BC: Ah, I’m interested in finding out how the two of you met. Kathleen or Lloyd?
KM: Well, as I remember it, I met Lloyd when I was twelve years old. I knew him when we were at Faribault, but not very well. Then, I went to some kind of church program during the summer one year. My mother, sister, and my niece went also, and we all had to fit into one car. Well, Lloyd went along, too, and since we didn’t have much room, I had to sit on his lap. My niece, who was sitting next to me, kept giggling and nudging me, telling me I was going to marry Lloyd. I would turn and say “No, I HATE him! I HATE him!” And then, years later, he became my husband.
BC: How long have you two been married? Has it been fifty years? Lloyd?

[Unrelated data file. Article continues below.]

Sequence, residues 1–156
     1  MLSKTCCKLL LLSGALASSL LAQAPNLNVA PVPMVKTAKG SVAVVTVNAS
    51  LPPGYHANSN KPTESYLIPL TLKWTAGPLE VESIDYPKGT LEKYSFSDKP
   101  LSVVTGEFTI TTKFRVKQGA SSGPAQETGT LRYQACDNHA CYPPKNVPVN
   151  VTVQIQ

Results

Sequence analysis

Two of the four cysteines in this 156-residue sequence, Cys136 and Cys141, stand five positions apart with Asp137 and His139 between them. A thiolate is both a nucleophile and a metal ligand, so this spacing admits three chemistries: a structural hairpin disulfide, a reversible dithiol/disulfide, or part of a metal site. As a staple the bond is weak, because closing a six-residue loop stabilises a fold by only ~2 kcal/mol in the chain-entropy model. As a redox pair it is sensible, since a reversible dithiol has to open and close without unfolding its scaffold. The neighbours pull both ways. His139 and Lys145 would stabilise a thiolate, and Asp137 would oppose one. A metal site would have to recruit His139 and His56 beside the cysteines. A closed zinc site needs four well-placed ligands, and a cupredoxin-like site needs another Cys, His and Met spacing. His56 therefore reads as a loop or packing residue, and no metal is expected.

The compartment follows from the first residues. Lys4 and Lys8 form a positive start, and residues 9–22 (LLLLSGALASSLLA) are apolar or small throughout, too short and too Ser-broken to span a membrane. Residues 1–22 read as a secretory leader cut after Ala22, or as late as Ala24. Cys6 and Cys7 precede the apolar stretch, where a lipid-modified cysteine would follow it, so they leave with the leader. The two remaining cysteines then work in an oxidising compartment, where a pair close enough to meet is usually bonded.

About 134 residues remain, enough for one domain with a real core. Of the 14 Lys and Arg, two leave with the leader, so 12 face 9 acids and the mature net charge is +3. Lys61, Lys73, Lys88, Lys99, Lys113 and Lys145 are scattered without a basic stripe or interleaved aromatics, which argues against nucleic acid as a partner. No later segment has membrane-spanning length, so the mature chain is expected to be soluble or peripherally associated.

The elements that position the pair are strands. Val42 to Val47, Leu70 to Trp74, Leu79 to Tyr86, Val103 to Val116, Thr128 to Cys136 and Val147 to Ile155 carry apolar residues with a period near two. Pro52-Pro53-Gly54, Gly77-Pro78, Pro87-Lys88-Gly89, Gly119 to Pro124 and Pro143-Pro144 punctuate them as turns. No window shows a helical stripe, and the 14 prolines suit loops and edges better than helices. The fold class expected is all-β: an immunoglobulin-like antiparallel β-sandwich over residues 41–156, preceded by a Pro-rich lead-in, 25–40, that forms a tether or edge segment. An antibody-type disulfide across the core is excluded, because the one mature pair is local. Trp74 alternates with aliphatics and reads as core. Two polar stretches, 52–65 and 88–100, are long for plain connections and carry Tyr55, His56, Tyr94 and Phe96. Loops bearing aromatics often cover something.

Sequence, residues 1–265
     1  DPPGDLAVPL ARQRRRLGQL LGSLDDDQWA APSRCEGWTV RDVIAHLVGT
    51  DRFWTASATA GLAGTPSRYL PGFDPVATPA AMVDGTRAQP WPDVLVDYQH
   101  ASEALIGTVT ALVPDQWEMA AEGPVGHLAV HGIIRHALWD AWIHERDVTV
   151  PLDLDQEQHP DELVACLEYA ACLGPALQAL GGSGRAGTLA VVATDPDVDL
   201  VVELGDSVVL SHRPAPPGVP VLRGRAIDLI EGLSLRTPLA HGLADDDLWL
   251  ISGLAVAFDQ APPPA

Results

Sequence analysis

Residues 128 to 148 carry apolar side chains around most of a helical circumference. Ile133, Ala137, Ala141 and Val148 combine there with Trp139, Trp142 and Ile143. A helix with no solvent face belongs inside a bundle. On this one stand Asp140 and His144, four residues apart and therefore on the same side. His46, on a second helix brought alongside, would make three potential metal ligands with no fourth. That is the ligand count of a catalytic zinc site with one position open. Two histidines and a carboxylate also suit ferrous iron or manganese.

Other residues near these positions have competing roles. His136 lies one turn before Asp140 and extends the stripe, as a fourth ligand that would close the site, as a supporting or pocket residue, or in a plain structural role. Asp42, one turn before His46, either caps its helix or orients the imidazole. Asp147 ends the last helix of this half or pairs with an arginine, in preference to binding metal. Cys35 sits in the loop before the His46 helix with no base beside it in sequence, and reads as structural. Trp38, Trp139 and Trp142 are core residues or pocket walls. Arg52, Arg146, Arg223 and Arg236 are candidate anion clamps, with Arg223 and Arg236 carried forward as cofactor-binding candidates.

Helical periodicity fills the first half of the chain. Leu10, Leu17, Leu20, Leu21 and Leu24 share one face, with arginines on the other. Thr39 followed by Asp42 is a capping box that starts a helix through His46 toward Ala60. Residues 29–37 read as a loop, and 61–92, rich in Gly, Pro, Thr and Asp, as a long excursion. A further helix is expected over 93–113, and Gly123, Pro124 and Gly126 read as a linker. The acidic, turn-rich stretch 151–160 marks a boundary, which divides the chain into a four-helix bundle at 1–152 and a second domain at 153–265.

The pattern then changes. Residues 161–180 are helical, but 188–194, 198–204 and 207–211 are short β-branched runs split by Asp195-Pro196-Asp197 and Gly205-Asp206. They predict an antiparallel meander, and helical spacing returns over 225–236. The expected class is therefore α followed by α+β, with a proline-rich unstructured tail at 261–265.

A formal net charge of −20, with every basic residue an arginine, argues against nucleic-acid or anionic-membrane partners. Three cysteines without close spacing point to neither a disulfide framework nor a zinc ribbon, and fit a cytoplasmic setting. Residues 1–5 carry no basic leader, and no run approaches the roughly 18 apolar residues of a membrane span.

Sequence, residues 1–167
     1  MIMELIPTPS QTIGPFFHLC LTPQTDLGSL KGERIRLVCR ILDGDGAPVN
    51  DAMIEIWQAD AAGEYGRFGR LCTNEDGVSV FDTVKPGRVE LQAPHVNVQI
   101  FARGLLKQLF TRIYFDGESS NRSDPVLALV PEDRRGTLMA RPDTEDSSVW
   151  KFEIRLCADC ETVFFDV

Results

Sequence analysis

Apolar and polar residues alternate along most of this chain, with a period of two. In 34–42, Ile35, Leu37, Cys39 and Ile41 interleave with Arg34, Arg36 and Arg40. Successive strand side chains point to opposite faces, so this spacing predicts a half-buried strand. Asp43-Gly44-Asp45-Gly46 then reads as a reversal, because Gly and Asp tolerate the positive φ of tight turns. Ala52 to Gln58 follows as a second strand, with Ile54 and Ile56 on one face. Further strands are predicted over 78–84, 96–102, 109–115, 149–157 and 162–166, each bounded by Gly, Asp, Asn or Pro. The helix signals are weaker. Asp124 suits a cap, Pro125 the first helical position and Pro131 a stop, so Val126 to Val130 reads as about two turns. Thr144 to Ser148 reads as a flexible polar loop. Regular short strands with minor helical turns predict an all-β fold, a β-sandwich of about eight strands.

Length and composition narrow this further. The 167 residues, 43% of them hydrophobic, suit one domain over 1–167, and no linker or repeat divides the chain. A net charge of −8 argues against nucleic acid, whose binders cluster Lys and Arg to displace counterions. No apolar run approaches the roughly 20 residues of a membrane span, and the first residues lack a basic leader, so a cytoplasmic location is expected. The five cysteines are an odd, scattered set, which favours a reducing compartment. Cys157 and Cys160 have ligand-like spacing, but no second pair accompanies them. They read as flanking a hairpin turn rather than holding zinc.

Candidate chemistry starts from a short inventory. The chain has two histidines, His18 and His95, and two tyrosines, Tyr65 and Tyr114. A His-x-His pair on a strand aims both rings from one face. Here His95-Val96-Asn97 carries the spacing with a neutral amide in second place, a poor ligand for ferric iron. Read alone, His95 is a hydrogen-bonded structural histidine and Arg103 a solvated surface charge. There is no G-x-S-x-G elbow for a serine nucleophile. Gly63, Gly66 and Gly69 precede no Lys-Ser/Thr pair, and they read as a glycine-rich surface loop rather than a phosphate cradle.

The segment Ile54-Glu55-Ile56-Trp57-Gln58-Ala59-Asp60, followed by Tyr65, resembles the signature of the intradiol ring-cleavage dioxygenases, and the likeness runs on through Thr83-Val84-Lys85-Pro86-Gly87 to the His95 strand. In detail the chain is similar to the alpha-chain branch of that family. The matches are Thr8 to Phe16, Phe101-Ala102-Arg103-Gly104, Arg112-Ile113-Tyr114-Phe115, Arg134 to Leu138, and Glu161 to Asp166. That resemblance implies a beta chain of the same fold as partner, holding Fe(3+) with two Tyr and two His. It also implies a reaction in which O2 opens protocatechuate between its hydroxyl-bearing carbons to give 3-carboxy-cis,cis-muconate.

LM: Yes, as of last April.
LM: Fifty years this past April. She’s had to have a lot of patience with me and I’ve had to have a lot of patience with her too. That’s how we’ve gotten through fifty years okay.
BC: Well, congratulations on your 50th year anniversary.
KM: Thank you.
BC: I know that you are both very active in the Deaf community in your hometown of Duluth. For years, you’ve managed to stay active. What are you perspectives on the Deaf community in Duluth and the surrounding area? How have things changed through the years? Kathleen?
KM: Well, I taught sign language (American Sign Language – ASL) at the University of Minnesota Duluth for three years and then I taught a few years at Duluth Technical College. I’ve also done a lot of volunteer teaching of sign language in my home. I’d say things in Duluth are much better now than before. The Regional Service Center (RSC) has really helped a lot. It kept us informed and up-to-date. I feel like we have a lot of support now.